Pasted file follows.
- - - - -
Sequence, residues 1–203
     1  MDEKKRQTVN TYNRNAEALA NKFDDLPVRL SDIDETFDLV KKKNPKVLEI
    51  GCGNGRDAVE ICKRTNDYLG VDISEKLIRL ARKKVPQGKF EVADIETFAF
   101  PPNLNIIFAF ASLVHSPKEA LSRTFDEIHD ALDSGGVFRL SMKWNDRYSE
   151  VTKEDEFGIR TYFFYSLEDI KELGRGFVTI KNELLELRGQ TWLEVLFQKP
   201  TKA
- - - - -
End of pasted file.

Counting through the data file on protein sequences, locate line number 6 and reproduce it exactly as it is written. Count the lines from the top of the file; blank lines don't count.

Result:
   201  TKA